• "There are so many good stories to tell about relationships with some history. The stakes are higher than the stakes of a first crush; there’s all that context to add meaning to the interactions. The characters are invested in each other. And relationships between older people typically have involve juggling other responsibilities and commitments — jobs, children from previous relationships." Excellent stuff from Emily Short on all the *other* shapes of relationships you can show. (It made make think of two very different films I've seen recently that showed deep, adult, *sibling* relationships, for starters).
  • "So, given this [zero-button, move and look] interface, whence interactivity in Dear Esther? I say: from an understated but deadly-precise sense of attention design through spatial design.

    You walk along the beach; a path goes up the bluff, another along the strand. You go one way or the other. There are no game-mechanics associated with the choice, and a plot-diagram analysis would call them "the same place" — you can try either, back up, and go the other way. But this misses the point. Precisely because the game lacks keys, switches, stars, and 1ups, it has no implicit mandate to explore every inch of territory. Instead, you want to move forward. Backtracking is dull. Worse: given the game's sedate walking pace, it's slightly frustrating. (They left out the run button for a reason, see?) Moving into new territory is always the best-rewarded move, and therefore your choice of path is a choice. You will not (unless you thrash hard against the game's intentions) see everything in your first run-through." Cracking writing about immersive, environmental storytelling in Dear Esther, and why it's clearly a game.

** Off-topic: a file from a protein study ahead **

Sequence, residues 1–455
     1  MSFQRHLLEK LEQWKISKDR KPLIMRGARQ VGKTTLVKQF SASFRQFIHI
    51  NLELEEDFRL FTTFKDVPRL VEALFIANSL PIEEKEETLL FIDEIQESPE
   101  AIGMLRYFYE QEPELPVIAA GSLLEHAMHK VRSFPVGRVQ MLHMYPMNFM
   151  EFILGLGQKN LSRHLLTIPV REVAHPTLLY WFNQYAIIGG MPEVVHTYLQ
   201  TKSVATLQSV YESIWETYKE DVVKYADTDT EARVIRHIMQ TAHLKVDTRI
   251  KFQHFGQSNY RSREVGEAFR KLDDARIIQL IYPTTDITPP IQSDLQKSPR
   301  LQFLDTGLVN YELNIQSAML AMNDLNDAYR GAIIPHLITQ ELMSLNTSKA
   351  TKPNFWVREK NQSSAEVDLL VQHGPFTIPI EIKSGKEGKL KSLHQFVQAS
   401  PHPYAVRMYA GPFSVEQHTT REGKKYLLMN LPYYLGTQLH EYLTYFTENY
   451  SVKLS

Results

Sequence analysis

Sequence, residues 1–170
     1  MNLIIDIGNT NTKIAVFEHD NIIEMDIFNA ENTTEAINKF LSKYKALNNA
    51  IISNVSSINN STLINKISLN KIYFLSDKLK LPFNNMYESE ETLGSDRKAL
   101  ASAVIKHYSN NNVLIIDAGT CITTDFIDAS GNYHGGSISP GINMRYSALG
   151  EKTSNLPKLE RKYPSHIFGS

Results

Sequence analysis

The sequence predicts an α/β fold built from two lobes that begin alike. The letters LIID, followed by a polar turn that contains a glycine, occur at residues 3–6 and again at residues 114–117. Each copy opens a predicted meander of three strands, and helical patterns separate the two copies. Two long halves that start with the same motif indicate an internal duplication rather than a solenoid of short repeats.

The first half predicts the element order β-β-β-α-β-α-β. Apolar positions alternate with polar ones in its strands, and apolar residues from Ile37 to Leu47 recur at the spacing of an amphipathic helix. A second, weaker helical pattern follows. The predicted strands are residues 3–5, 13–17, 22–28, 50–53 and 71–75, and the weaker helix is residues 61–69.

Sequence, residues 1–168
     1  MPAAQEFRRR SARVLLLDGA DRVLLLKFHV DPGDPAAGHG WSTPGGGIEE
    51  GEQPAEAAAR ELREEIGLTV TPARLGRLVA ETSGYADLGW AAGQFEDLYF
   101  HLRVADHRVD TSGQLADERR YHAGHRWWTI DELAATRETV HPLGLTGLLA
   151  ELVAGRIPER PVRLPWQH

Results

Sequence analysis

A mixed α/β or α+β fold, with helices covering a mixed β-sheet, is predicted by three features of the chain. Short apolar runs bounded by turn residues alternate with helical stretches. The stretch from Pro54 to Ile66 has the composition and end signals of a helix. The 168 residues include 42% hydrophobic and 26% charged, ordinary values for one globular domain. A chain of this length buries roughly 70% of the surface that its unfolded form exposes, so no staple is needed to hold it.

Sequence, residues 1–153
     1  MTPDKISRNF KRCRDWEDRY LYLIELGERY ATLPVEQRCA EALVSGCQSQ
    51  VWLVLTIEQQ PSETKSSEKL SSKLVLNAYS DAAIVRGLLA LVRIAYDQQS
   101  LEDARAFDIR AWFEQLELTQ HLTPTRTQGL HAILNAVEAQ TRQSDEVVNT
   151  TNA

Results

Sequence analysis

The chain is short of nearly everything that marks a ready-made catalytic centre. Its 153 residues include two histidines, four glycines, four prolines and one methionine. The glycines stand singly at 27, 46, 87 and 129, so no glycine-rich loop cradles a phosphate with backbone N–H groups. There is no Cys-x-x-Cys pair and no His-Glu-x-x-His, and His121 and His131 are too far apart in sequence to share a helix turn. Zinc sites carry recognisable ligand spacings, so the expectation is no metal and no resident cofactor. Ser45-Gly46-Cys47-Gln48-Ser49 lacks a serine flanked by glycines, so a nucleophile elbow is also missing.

• "…he still remembers his frustration at encountering "sliced-up ghettos of thought" – sculpture, architecture, fashion, embroidery, metalwork, product and furniture design all in separate departments – "which I don't believe are absolute. It's just the way we categorise things and the way we chose to educate people."" Quite excited to see the Heatherwick show.
  • "Super-simple baseline .mobi templates. Here ya go."
  • It's basically a satellite that's an external Android peripheral, and they're chucking it into space with a phone attached. Impressive.
  • "My hope is that Playfic opens up the world of interactive fiction to a much wider audience — young writers, fanfic authors, and culture remixers of all ages." Which is always the audience Inform 7 felt like it was really branching out towards. Sometimes the way to make things accessible is to lower the cost of entry – and in that case, it means a webservice, rather than a downloadable app. Will be interested to see how Playfic develops.
  • "So is it worth reading dusty IF history? Well, I haven't read it yet. But I can say that the book really represents a tour through the past ten years of the IF community's thinking. Some of the essays are from 2001; some have been revised for this edition; some are brand-new. Many have been published in other forms, so if you've been devouring our blog posts and essays for the past few years, you will see few surprises. But if your awareness of IF dates from the last century — or if you've been following us only casually — I think this book has something to offer."